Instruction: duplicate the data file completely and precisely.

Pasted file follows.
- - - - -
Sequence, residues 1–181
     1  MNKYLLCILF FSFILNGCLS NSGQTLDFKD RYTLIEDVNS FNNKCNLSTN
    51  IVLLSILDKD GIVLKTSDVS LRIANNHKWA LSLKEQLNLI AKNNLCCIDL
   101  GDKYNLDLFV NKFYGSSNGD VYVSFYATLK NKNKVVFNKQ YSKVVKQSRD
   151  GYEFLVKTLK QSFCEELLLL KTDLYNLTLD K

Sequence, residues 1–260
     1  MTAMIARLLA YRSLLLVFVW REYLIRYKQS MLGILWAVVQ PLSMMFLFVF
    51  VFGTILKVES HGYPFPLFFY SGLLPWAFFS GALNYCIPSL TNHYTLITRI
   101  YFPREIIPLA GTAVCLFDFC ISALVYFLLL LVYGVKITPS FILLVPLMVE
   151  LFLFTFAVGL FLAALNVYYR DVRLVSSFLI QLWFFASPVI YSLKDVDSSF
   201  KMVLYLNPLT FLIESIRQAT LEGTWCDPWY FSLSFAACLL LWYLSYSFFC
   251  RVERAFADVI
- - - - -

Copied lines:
Sequence, residues 1–181
     1  MNKYLLCILF FSFILNGCLS NSGQTLDFKD RYTLIEDVNS FNNKCNLSTN
    51  IVLLSILDKD GIVLKTSDVS LRIANNHKWA LSLKEQLNLI AKNNLCCIDL
   101  GDKYNLDLFV NKFYGSSNGD VYVSFYATLK NKNKVVFNKQ YSKVVKQSRD
   151  GYEFLVKTLK QSFCEELLLL KTDLYNLTLD K

Sequence, residues 1–260
     1  MTAMIARLLA YRSLLLVFVW REYLIRYKQS MLGILWAVVQ PLSMMFLFVF
    51  VFGTILKVES HGYPFPLFFY SGLLPWAFFS GALNYCIPSL TNHYTLITRI
   101  YFPREIIPLA GTAVCLFDFC ISALVYFLLL LVYGVKITPS FILLVPLMVE
   151  LFLFTFAVGL FLAALNVYYR DVRLVSSFLI QLWFFASPVI YSLKDVDSSF
   201  KMVLYLNPLT FLIESIRQAT LEGTWCDPWY FSLSFAACLL LWYLSYSFFC
   251  RVERAFADVI